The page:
10 Things You May Not Know About The Battle Of The Bulge

10 Things You May Not Know About The Battle Of The Bulge

By Stephanie Schoppert
10 Things You May Not Know About The Battle Of The Bulge

On December 16th, 1944, Allied forces were camped on the Western front in the Ardennes forest in southern Belgium and Luxembourg. They had no idea that Hitler was ready to attack with a Blitzkrieg force of 450,000 men and thousands of tanks. Hitler wanted to stop the Allied use of the Belgium port of Antwerp and he wanted to split the Allied forces. So he began what is known as The Battle of the Bulge. The massive force caught the Allies by surprise. The surprise attack and the size of the offensive gave the initial upper hand to the Germans but by the time the battle ended on January 25th, 1945, the Allies came out on top. Both sides experienced tens of thousands of casualties and it ended up having the highest number of American casualties of any operation during the war. The Allied defeat of the Germans at the Battle of the Bulge marked the end of the Axis offensive on the Western Front.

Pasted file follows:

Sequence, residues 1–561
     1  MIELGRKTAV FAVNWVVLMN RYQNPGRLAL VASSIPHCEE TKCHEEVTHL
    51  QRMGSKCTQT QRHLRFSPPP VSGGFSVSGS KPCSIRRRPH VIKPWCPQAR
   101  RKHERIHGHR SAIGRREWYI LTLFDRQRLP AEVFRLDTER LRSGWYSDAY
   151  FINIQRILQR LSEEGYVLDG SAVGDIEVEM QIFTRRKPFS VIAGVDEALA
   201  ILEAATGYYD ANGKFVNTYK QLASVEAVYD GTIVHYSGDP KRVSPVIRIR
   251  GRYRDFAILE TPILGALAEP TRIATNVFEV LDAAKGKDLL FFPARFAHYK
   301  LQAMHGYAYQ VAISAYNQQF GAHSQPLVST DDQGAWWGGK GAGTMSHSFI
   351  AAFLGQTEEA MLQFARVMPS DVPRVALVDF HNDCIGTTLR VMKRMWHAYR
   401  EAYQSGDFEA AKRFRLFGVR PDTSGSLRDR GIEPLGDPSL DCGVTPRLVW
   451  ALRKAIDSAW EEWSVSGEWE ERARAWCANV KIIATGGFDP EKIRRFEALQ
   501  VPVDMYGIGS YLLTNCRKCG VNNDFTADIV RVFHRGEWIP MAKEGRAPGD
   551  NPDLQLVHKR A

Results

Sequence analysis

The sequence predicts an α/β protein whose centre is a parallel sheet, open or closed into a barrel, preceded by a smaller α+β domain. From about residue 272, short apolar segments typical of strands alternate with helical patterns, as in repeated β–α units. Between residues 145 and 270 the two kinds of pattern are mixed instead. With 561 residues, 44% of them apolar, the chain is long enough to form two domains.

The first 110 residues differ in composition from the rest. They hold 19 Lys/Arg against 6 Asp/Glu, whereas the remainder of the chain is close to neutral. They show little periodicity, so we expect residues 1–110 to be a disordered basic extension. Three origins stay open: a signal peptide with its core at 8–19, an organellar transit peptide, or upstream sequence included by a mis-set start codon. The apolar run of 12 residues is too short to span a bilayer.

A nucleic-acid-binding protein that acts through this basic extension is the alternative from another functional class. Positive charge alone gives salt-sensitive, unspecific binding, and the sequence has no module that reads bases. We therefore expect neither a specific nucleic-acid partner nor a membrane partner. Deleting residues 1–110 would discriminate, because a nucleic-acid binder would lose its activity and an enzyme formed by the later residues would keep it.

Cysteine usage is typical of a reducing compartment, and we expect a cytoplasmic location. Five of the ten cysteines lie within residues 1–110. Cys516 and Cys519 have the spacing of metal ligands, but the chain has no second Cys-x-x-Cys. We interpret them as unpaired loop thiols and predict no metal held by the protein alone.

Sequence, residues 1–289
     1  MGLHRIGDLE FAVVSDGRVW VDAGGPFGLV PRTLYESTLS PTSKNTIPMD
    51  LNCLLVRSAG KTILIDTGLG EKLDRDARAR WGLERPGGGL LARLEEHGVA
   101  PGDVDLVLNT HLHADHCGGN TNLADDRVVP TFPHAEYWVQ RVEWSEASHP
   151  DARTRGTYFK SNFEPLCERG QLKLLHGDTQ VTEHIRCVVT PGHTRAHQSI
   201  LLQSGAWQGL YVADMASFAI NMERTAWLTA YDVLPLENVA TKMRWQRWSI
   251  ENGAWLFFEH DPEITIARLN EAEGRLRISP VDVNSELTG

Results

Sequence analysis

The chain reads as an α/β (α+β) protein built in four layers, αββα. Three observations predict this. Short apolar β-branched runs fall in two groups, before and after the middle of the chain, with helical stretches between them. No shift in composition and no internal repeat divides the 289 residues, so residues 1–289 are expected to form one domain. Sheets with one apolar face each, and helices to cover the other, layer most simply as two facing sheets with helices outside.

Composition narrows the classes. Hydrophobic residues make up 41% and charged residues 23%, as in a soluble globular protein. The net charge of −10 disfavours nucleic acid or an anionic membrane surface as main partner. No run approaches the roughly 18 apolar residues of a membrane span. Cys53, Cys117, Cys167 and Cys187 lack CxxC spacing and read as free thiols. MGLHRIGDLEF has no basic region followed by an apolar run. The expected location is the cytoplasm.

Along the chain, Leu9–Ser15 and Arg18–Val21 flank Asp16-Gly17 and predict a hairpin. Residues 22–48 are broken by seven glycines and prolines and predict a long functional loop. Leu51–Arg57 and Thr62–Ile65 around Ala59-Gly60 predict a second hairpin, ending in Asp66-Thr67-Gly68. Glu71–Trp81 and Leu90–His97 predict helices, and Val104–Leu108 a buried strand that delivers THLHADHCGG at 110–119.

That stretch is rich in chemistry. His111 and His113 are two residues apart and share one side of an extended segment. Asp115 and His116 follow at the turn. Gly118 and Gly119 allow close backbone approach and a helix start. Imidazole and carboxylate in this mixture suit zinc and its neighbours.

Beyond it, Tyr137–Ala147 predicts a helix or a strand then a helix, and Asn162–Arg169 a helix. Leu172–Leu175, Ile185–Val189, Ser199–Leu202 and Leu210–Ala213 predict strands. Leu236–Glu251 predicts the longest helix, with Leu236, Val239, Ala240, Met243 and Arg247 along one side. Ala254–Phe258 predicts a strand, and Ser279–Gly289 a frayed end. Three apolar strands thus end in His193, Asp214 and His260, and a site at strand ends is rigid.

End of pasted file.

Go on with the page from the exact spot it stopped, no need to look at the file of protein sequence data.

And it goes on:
Here are ten facts about the battle of Burge that you haven’t heard.

10. The Name Comes From a “Bulge” Left in the Allied Lines


This battle actually has a number of different names which tend to vary based on who you ask. The Germans codenamed the buildup Wacht am Rhine (Watch on the Rhine) and the offensive itself Unternehmen Herbstnebel (Autumn Mist). The Allied command named it the Ardennes Counteroffensive while the French forces called it La Bataille des Ardennes. If you look at a map of the battle, you will notice a line in semi-circle form, a product of the German blitzkrieg attack on the Allies’ forces. Although the Hitler did not manage to split the Allied front in two, he did manage to inflict a bulge in the front lines of about 50 miles north-south and 70 miles west. For two weeks, the Germans achieved breakthroughs in half a dozen places, and it appeared that they would reach at least the Meuse River (a penetration of more than seventy miles). It was mostly American troops along the lines and some of them had very little experience in combat. The well-trained troops of the U.S. 28th and 106th Infantry Divisions collapsed and created a gap (known as the bulge) allowing the 58th Panzer Corps and the 47th Corps to pour through it. The name Battle of the Bulge was given by the media to describe the inward looking line in the wartime maps. The catchy name would become the most recognized name for the battle.

While the bulge took a huge effort by the Germans, just a month after the start of the Battle of the Bulge, the bulge was no more and the Allied front line was back where it was before the battle had occurred.